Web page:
What Skills Do Employers Want?

Every worker has two types of skills: Technical Skills and Employability Skills.

Paulette WootenTechnical Skills are the specific skills you need for a job — like working a forklift, computer animation design, cosmetology, being a trained surgeon, or financial analyst skills. Technical Skills, or Occupational Skills, are what you learn in on-the-job training, in an apprenticeship, or in college.

Employability Skills are often called Soft Skills, or sometimes Work-Readiness Skills. They are also Transferable Skills because you can use them in many jobs. Employability Skills are what all employees at all levels need to be considered hirable.

In other words, you can be a very skilled Carpenter or Librarian, but if you don’t follow company rules, or you are mean to customers, then you will not keep your job very long or you will not move up into higher-paying positions.

Look up “employability skills” and you will find several long lists of people skills and personality traits. The Employability Skills that hiring managers look for most often include:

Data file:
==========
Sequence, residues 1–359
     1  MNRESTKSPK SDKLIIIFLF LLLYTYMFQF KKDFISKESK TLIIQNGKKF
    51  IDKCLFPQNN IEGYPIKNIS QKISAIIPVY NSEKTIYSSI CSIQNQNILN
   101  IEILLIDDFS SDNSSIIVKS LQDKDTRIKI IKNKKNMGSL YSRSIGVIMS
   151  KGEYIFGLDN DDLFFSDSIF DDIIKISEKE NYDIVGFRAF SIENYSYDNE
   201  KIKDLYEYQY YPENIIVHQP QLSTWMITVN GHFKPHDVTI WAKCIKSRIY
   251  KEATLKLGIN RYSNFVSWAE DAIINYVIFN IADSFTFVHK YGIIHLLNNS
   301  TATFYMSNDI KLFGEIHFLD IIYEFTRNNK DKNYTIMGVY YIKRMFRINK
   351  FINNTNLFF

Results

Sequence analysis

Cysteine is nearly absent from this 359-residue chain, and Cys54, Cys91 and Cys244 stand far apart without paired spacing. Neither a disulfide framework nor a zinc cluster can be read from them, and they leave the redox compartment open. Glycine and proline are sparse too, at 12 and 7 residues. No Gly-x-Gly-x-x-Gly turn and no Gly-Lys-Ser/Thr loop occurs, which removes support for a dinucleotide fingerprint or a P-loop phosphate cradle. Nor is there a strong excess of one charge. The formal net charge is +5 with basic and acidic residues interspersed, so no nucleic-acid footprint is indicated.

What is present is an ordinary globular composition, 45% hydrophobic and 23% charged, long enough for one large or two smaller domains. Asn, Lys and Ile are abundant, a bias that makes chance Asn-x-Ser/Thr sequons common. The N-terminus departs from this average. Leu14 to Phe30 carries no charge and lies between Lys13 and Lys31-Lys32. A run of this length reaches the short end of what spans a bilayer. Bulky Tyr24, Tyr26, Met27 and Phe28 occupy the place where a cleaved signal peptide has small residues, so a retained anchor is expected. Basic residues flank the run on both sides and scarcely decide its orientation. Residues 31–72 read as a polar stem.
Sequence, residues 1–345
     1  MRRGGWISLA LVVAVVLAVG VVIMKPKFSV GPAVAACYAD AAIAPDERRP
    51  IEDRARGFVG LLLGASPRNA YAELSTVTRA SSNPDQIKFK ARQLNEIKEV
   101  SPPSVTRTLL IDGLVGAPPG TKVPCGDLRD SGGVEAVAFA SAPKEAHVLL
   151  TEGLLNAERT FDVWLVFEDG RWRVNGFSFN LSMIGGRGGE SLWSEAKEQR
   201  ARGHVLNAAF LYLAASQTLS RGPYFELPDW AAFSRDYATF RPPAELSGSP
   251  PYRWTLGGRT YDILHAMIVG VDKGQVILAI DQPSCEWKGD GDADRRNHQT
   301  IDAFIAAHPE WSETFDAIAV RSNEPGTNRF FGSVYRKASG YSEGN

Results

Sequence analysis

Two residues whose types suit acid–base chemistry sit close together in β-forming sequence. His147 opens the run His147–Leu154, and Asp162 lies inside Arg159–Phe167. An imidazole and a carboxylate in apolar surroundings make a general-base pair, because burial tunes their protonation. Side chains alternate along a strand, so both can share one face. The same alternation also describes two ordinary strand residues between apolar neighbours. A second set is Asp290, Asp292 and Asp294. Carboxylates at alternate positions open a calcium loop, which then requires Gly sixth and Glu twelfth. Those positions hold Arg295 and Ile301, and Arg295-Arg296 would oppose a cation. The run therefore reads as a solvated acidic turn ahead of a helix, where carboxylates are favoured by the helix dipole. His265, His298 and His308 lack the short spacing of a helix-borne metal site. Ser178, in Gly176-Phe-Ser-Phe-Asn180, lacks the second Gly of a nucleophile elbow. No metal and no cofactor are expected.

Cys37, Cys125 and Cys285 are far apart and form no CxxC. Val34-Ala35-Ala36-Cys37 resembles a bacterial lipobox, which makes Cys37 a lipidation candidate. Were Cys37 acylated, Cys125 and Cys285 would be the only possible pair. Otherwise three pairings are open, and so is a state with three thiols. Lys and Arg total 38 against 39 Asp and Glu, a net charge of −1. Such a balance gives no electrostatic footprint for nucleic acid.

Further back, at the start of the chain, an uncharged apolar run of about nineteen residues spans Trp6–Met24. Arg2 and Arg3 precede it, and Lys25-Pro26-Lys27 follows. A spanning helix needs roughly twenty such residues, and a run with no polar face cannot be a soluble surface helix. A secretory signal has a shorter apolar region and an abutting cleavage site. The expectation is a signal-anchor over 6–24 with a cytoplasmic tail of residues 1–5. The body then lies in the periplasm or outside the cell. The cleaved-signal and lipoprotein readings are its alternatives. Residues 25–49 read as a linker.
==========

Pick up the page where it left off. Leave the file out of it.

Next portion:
• Communication Skills (speaking and writing)
  • Interpersonal Skills (getting along with others, being polite and good-tempered)
  • Problem-Solving Skills (able to think on your feet, willing to change actions quickly)
  • Teamwork (comfortable working with different types of people, contributing to group work)
  • Ethics (take responsibility for own actions, honest and trustworthy)

Other Employability Skills include being organized, computer and mobile technology skills, consistently showing up to work on time, being a self starter, having clean appearance and hygiene, and managing your own career.